History of Cardiovascular Physiology, Dr. D. Penney

Misconceptions about Blood Vessels:

  • Pressure is the only form of energy determining blood flow.

  • Pressure in veins is always low (i.e. below 50 mmHg); lower than that in any artery.

  • Pressure in arteries is always high (i.e. above 50 mmHg): higher than that in any vein.

  • Flow velocity in veins is always low (sluggish).

  • One millimeter of blood would require less than 1 hour to flow through a single capillary.

  • The total surface area of all capillaries in an adult human is approximately 6.3 sq. meters.

  • Change in vascular resistance to blood flow can be determined by assessing the change in arterial pressure alone.

  • A Reynolds number (using radius) above 1000 always indicates the presence of turbulence; below 1000 laminar flow.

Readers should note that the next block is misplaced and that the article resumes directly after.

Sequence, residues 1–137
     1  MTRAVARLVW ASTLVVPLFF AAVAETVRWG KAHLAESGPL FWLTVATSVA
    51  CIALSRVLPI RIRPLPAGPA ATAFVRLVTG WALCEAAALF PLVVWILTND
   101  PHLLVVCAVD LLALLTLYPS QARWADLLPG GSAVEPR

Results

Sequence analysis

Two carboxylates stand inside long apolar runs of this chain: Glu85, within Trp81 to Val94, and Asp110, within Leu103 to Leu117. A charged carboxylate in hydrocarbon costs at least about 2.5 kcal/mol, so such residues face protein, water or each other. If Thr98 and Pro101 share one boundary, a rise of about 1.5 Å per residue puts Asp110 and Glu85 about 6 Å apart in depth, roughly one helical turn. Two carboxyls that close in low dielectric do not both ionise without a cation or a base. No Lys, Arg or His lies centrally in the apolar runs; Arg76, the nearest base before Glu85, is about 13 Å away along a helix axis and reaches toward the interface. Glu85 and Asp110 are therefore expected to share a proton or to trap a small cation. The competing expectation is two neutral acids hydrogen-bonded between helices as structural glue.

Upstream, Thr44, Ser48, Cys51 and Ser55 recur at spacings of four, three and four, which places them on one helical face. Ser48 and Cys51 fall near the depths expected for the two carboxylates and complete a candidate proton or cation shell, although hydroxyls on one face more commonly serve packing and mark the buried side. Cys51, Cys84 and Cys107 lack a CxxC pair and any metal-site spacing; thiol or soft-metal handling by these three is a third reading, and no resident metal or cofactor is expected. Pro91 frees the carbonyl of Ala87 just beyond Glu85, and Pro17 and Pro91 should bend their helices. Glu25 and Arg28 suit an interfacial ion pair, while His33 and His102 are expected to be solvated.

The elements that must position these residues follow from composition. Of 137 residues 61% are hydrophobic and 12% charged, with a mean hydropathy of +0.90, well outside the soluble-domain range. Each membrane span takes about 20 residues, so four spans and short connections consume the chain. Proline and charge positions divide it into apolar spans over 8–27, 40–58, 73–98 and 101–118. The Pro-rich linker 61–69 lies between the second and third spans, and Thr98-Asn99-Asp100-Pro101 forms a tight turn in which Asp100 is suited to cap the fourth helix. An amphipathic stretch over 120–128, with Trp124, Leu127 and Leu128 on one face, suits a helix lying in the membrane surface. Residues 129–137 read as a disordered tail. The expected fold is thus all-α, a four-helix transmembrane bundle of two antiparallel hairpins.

• Blood flows like water (i.e. constant viscosity regardless of velocity or tube dimension).

  • The stretchibility (compliance) of most venous walls is far greater than that of most arterial walls at the same wall thickness.

  • Arterial blood always contain a higher oxygen content than venous blood.

  • The sounds heard through the stethoscope when taking blood pressure by the auscultatory method are made by heart valve opening and closing.

  • Systolic arterial blood pressure steadily declines from the root of the aorta to the smaller distal arteries.

  • Blood flow falls to zero only when perfusion pressure reaches zero (i.e. there is a linear relationship).

  • A shift to the right of the hemoglobin-oxygen dissociation curve and increasing P50 value indicates an increased affinity for oxygen.

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